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Thursday, November 22, 2007

Why minimal guidance during instruction does not work

Problems Evidence for the superiority of guided instruction is explained in the context of our knowledge of human cognitive architecture, expert-novice differences, and cognitive load. Although unguided or minimally guided instructional approaches are very popular and intuitively appealing, the point is made that these approaches ignore both the structures that constitute human cognitive architecture and evidence from empirical studies over the past half-century that consistently indicate that minimally guided instruction is less effective and less efficient than instructional approaches that place a strong emphasis on guidance of the student learning process. The advantage of guidance begins to recede only when learners have sufficiently high prior knowledge to provide internal guidance. Recent developments in instructional research and instructional design models that support guidance during instruction are briefly described.

Why minimal guidance during instruction does not work: an analysis of the failure of constructivist, discovery, problem-based, experiential, and inquiry-based teaching. Educational Psychologist 2006 41: 75-86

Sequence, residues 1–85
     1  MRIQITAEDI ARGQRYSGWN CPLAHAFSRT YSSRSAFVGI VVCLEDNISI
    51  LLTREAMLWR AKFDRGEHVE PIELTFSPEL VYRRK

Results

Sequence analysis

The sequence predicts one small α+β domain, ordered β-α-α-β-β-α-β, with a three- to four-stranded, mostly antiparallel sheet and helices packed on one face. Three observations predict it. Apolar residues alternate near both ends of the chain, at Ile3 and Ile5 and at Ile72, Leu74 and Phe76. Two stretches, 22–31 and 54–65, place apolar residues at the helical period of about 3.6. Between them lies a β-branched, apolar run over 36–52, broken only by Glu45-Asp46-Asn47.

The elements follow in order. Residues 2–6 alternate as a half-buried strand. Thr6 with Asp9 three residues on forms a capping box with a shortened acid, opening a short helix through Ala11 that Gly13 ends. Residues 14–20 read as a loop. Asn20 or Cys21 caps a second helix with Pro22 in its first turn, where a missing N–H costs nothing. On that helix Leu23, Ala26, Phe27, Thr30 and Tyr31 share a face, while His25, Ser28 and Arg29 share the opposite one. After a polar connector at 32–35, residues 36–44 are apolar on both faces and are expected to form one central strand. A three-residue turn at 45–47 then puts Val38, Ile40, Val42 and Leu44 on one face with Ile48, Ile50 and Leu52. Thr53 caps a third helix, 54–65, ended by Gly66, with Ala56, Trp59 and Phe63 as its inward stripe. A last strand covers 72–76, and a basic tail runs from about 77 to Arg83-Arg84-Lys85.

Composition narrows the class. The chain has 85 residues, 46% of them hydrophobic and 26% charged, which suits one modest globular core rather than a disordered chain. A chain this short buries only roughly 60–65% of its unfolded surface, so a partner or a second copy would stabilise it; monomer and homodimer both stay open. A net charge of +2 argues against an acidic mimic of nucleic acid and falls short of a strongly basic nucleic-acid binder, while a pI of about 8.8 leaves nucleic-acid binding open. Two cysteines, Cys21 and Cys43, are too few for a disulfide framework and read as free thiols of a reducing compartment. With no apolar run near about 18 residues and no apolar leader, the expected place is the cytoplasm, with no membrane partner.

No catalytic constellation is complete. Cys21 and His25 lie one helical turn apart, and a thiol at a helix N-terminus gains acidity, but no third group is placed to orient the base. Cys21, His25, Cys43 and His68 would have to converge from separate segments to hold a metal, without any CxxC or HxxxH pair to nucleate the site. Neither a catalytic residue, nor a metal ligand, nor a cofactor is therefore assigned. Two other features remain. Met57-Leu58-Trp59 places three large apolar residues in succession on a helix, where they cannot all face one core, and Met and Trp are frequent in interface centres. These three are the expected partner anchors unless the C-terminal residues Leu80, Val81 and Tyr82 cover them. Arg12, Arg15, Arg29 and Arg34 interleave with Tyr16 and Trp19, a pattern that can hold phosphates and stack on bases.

2 comments:

  1. This is interesting isn't it? I used to rant against constructivism (or rather lazy constructivism, which was often an excuse to say 'let them get on with it'), but have been persuaded on some of its merits since. I take the point here (and an earlier post where you linked to research showing teacher centred teaching was more effective particularly for less able students), but wonder about how it tallies with, for example, the type of learning we see in open source communities, or the very informal learning that takes place in social networks. I wonder if the question might be one of motivation - what we teach is so dull that you have to drag people through it? Or, as I've asked before, maybe education is just intrinsically a bit dull?

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  2. The report I pointed at is actually specifically about problem/enquiry-based learning, but it does have some general themes.
    Speaking purely personally, I don't buy into the idea that education is intrinsically dull. For me, intellectual enquiry is the most exciting thing possible. Why else would I have turned my back on a more lucrative career? But this opinion does seem to isolate me from the majority of students I encounter these days (which is what I'm constantly fighting against).

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